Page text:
As Lafayette tries to stem the flow of young talent to other cities, students at the University of Louisiana at Lafayette say housing, transportation and connecting with the broader community are barriers to building lives here.
Students overwhelmingly saw housing affordability and difficulty getting around Lafayette as the city’s most substantial flaws in a survey of about 780 UL students conducted this fall. Young people say those issues keep them from establishing lives in Lafayette, and upperclassmen were notably more pessimistic about those problems locally in the survey’s results.
Between 2017 and 2021, the Lafayette area’s pool of college grads under 25 shrunk by more than 700 people, most of whom moved out of state, according to UL economist Gary Wagner’s analysis of U.S. Census Bureau microdata. That was about a quarter of college graduates under 25 living here in 2017.
More than 85% of upperclassmen and graduate students surveyed said Lafayette’s affordable housing options were fair or poor compared to just under 15% who said they were at least good or even excellent.
That’s an immediate problem for students who are closer to graduating and are looking for the right place to launch their careers, according to Gretchen Vanicor, director of UL’s Office of Sustainability, which partnered with One Acadiana for the survey.
“Students identified affordable housing as one of the significant issues, the top three, that affect their quality of life and their connection to the community,” Vanicor said at last week’s reveal of the survey results. “And you can see there’s a significant shift as students get into their junior and their senior years, graduate school. There is a significant shift in those that identify this as a barrier.”
Housing is a key factor in why people leave Lafayette in search of better paying jobs since the average cost of housing versus income in Lafayette is sometimes worse than it is in bigger cities like Houston, according to Wagner.
Locally Lafayette’s zoning codes are a barrier to expanded housing options that could be addressed by the city’s leaders. Many of the newly elected members of Lafayette’s city council, who will take office in January, told The Current this fall that they would consider changing the development code to address the city’s need for more affordable housing.
New housing has been a key factor in the recent success of downtown Lafayette and it is a tool to continue developing the city center as an asset for all of Lafayette’s residents, says Downtown Development Authority CEO Anita Begnaud.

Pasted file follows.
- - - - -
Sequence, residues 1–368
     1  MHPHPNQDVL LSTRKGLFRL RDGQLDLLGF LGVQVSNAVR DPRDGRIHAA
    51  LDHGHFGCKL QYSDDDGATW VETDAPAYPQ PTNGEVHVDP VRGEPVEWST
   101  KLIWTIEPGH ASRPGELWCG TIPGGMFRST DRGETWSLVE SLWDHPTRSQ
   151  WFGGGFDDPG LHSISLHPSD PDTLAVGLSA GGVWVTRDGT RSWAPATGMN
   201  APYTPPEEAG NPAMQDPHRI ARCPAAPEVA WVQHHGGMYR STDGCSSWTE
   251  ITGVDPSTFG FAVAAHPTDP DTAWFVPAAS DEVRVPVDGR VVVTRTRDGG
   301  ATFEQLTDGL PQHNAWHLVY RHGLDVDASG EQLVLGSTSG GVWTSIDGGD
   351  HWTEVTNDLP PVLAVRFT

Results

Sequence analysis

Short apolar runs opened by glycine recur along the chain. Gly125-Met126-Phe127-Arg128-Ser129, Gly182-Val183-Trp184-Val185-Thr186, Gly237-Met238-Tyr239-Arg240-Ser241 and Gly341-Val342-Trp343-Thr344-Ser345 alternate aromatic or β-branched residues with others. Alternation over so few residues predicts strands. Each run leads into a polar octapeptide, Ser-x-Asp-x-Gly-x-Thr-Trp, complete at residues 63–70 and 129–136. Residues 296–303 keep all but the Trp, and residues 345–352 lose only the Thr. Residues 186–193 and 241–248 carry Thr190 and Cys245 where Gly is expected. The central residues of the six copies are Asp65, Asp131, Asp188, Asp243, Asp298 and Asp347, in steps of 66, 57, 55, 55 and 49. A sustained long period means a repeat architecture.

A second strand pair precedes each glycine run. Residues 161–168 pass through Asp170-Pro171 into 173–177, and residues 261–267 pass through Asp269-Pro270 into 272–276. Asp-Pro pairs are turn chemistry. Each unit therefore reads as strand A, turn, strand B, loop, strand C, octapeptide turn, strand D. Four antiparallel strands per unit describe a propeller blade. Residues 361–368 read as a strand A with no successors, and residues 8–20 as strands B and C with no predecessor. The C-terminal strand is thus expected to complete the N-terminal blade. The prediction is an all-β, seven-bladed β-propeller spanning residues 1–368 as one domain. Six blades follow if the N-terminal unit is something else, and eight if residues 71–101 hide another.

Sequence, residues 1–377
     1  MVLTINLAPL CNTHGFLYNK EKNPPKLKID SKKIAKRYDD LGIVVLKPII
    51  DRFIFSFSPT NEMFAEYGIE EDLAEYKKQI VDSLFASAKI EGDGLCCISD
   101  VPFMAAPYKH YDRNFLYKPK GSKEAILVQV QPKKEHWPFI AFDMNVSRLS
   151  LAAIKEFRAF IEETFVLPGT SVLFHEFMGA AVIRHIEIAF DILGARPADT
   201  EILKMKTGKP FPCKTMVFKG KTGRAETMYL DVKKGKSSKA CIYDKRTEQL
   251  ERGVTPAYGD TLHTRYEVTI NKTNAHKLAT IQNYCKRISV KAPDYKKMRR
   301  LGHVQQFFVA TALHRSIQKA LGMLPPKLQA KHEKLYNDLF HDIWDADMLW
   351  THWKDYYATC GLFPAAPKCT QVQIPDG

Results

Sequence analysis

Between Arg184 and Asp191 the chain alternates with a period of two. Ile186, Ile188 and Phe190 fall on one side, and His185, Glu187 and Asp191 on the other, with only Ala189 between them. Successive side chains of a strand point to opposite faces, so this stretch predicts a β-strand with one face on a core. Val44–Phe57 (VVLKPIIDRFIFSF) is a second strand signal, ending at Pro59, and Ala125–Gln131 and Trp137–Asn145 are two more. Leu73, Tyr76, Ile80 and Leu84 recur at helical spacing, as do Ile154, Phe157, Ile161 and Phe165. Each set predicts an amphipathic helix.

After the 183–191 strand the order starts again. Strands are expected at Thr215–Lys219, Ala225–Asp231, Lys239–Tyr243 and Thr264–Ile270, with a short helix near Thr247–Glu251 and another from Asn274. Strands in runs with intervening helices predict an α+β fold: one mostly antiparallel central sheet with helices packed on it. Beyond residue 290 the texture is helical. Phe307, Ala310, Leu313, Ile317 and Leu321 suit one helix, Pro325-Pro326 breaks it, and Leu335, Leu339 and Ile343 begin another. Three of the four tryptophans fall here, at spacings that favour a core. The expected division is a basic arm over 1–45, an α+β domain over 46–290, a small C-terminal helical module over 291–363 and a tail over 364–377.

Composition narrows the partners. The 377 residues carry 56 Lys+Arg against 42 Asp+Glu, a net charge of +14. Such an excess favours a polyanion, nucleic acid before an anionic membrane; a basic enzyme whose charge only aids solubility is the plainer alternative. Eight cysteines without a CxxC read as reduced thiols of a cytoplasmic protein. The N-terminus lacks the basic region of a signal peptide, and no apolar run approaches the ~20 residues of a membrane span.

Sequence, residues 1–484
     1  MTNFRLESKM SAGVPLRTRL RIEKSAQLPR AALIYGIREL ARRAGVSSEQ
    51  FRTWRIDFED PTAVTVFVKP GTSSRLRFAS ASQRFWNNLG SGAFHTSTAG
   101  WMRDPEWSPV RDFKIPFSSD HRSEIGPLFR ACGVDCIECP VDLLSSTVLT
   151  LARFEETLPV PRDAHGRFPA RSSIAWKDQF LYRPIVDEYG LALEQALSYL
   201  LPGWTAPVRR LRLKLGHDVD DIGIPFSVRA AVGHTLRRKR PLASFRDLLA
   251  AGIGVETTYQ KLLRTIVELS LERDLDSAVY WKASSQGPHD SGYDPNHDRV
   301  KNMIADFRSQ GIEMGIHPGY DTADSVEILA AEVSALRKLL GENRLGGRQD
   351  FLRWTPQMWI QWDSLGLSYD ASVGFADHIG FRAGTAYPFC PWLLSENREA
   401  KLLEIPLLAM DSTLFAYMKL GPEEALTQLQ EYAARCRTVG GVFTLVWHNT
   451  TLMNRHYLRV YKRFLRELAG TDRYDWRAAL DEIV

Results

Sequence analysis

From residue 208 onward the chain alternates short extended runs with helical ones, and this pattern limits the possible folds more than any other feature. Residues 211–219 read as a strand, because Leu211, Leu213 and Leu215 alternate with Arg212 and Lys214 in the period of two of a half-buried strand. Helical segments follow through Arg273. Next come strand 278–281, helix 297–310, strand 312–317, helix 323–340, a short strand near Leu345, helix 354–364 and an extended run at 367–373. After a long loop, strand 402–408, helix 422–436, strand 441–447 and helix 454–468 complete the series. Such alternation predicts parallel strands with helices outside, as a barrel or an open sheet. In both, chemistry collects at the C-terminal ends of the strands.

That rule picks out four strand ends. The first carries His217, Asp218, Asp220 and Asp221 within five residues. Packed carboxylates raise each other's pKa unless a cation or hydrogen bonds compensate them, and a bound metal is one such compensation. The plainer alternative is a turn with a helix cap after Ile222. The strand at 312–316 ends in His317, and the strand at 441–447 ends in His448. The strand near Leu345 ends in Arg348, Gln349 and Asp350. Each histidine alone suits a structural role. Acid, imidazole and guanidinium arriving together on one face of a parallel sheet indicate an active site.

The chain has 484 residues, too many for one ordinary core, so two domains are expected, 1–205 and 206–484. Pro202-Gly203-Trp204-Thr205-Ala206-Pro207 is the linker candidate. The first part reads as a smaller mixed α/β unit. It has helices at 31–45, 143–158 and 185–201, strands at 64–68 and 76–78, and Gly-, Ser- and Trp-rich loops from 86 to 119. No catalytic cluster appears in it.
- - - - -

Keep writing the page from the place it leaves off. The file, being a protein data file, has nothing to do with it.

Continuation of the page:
But capitalizing on downtown’s recent success also means improving its connection to students at UL, says Begnaud, a Church Point native who remained in Lafayette after graduating from the university. Students surveyed by One Acadiana reported being significantly more connected to the university than to communities outside of campus.
More than 75% of upperclassmen said that public transit and bikeability were fair at best or even poor in Lafayette, and 90% said the same for the city’s roads and traffic. Those are significant drawbacks to students, particularly because traffic patterns around the university effectively isolate it from the city center for pedestrians and bicyclists.
Bridging the gap between campus and downtown is at least one way to help students better connect with Lafayette, says Begnaud, who is hopeful the next City Council and mayor-president will prioritize improving the infrastructure necessary to support that connection.
“There’s a desire amongst LCG leadership and the broader community, certainly UL, Downtown, One Acadiana… We need to find a way to physically connect Downtown and UL,” says Begnaud. “So it’s like, how do we organize ourselves in a way to achieve that? And that needs to be a top priority of the LCG administration [in the next term].”
Downtown has already had some success building new connections with current UL students through its Ragin Cajuns Downtown Alive concert in August, says Begnaud. That event prioritized UL students by addressing many of the barriers they told One Acadiana were keeping them from developing stronger connections to Lafayette like having limited money for entertainment, not being aware of fun events and not being specifically invited to participate in them.
“The event was literally about them, so it was like us rolling out the proverbial red carpet to say, ‘We are throwing an event for you,’” says Begnaud. “So I really see it as a pilot that has proven out that if and when we do that, students will feel more connected.”